I'm not sure that's a good way of thinking of it, given that うちの can be used to mean "our".


https://www.duolingo.com/profile/sheena771936

Nice thanks I thought both are same


https://www.duolingo.com/profile/jamesjiao

いえrefers to home and implicitly, your own home. So 'my house' would be a great translation here.


https://www.duolingo.com/profile/Tim613889

It's "my" house by context only.


https://www.duolingo.com/profile/taihw

is train implied with "えき"? what if it's like a metro or bus station?


https://www.duolingo.com/profile/roxiired

ちかてつのえき (subway station) and バスターミナル (bus terminal), but I think バスてい (bus stop) is used as well even though they don't mean the same thing in English.


https://www.duolingo.com/profile/FrederickEason

駅 (えき) just means station. 鉄道駅 (てつどうえき) means rail station or train station. (鉄道 means railway)

the "train" is contextual in this particular sentence, and in a different context 駅 could refer to a different type of station.


https://www.duolingo.com/profile/V2Blast

Yes, 駅 is generally used to refer to train/subway stations.


https://www.duolingo.com/profile/JCixq8

Train is 電車(でんしゃ)


https://www.duolingo.com/profile/blusocket

This kind of sentence with a dropped subject makes it hard to infer the verb...my first guess was 'can walk' but Duo shows 'will walk' as the correct answer. Are there any strong clues in the sentence itself I can look out for next time?


https://www.duolingo.com/profile/V2Blast

The base form of the verb never means "can [do something]". There's another verb form for that. The base/ます form of the verb is simply a non-past verb form, so it can be present or future tense.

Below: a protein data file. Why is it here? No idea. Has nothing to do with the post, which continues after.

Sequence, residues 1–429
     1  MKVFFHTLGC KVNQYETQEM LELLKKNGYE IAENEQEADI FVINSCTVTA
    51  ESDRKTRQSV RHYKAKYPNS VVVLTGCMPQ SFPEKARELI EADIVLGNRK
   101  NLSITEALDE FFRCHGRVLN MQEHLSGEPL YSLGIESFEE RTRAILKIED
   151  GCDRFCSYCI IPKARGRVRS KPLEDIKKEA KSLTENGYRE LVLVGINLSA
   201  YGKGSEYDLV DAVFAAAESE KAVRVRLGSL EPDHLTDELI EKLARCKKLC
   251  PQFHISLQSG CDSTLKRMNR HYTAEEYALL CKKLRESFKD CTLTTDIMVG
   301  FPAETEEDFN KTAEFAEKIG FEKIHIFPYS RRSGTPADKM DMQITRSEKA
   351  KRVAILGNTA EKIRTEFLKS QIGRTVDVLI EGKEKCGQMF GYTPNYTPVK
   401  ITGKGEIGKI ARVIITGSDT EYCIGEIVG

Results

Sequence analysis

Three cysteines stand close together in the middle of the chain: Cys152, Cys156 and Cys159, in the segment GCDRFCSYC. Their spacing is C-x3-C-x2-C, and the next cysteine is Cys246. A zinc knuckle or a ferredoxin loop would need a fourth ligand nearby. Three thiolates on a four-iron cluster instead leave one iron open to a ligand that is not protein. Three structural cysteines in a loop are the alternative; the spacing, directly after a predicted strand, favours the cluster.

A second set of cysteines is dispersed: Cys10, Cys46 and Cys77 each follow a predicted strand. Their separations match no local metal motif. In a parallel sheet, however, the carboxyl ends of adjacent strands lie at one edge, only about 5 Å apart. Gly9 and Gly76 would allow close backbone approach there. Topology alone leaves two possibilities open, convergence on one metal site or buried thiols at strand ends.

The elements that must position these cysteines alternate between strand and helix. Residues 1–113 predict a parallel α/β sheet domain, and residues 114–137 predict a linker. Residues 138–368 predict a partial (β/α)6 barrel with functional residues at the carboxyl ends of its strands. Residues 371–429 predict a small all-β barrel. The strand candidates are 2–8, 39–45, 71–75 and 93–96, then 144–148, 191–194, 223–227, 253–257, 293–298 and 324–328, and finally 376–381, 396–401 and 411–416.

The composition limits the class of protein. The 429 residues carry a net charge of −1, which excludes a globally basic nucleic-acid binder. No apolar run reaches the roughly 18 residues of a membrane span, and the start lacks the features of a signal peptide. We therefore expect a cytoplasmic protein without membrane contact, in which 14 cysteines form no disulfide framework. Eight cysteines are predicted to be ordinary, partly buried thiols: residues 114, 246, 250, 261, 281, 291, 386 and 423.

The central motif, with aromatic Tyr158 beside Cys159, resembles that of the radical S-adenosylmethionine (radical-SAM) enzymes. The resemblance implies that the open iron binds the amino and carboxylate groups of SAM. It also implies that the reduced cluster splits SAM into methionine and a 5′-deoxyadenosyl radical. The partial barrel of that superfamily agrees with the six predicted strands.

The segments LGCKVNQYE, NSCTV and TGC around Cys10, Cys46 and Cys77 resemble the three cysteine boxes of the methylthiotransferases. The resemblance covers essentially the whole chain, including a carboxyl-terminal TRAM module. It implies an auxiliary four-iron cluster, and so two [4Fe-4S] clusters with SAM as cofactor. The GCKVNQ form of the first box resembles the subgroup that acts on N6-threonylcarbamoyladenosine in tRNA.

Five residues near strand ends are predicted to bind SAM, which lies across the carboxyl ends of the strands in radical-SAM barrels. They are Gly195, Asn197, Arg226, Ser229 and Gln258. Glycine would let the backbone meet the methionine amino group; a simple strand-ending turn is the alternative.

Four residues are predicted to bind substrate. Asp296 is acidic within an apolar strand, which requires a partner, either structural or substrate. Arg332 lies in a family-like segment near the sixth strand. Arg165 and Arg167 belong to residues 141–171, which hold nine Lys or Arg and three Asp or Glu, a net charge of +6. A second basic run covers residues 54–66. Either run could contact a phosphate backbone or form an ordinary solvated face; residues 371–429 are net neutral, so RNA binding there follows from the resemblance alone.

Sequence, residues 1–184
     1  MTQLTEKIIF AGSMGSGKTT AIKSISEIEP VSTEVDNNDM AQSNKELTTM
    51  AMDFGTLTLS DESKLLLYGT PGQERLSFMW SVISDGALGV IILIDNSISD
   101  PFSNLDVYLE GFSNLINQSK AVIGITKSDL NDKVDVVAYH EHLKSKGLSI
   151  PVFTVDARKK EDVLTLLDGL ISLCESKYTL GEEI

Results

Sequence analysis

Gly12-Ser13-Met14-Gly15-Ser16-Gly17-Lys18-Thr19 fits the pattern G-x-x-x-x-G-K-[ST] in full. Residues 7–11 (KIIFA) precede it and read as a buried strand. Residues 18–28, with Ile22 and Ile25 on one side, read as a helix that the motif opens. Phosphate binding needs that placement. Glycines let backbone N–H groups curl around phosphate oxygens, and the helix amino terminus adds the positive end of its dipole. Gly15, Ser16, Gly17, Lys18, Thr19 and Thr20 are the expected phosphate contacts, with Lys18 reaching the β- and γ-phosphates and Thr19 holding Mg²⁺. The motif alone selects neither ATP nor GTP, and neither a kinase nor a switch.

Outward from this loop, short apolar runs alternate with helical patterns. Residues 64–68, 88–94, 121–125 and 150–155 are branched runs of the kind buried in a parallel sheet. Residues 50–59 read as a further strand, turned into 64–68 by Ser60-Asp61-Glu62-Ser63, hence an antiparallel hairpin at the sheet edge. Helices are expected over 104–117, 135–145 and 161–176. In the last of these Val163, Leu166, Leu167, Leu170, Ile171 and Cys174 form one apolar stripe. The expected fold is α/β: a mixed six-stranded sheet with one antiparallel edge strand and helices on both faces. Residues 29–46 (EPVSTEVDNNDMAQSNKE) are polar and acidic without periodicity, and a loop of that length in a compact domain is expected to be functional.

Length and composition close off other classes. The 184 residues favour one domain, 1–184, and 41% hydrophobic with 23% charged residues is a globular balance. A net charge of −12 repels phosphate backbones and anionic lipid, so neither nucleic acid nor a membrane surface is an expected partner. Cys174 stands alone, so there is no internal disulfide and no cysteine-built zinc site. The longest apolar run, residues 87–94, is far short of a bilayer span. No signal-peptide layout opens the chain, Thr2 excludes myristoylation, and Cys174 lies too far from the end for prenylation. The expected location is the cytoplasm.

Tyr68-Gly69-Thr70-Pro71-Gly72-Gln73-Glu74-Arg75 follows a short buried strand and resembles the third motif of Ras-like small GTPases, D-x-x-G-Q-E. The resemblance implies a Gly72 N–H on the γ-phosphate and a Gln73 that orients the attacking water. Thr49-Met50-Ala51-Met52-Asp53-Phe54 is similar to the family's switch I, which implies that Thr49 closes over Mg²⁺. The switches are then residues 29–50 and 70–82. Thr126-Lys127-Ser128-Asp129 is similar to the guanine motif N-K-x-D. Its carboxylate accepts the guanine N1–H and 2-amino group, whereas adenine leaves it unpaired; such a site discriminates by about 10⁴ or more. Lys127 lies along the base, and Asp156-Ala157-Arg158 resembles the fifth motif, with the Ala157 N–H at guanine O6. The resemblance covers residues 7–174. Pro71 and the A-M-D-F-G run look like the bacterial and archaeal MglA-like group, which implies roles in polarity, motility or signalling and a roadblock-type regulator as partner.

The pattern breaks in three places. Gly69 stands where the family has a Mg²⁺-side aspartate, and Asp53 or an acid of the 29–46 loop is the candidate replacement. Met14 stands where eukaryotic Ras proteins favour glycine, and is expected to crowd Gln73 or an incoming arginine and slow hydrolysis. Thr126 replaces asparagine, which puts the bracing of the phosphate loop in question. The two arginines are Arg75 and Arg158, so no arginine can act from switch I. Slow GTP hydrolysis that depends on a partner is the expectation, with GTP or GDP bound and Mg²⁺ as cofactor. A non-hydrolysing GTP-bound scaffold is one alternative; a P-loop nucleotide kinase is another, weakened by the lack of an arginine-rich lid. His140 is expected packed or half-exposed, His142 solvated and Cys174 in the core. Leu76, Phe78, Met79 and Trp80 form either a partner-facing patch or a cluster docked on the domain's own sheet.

https://www.duolingo.com/profile/grippygecko

Duo hid the red herring word form in the word soup. I chose it instead of from, falling into the trap. Gah!


https://www.duolingo.com/profile/CorneliaXaos

To the person who thougt it would be a good idea to include voth "from" and "form" in the word bank for mobile users... I hate you.


https://www.duolingo.com/profile/PaulJones279857

I said 'railway station' and it was marked as wrong. Go figure!


https://www.duolingo.com/profile/hollt693

Could you also say "えきまでいえから歩きます"? I know the to/from order doesn't matter in English, so I'm wondering whether it matters in Japanese.


https://www.duolingo.com/profile/V2Blast

Hmm... I'm not sure whether it'd be grammatically correct to switch the order of those two parts, but I think it'd probably sound weird.


https://www.duolingo.com/profile/WesleyEnri4

In some sentences, えき is just station, and this one needs train station... please keep it consistant!!


https://www.duolingo.com/profile/Jessica674881

Why 歩きinstead of さんぽ?


https://www.duolingo.com/profile/trishka9

歩き = walking as a means of getting somewhere さんぽ = going for a walk, strolling


https://www.duolingo.com/profile/TDBR05

Why is "I walk from our house to the train station" wrong?


https://www.duolingo.com/profile/RinAsami

The kara messed me up on this one. I type it out as "I walk from the station to my house." and got it wrong.


https://www.duolingo.com/profile/Torqada

Thought the insertion of 'train' was not implied. After all, the same statement could be used for a 'bus' station.


https://www.duolingo.com/profile/Julia543869

What is the difference between 散歩 and 歩く?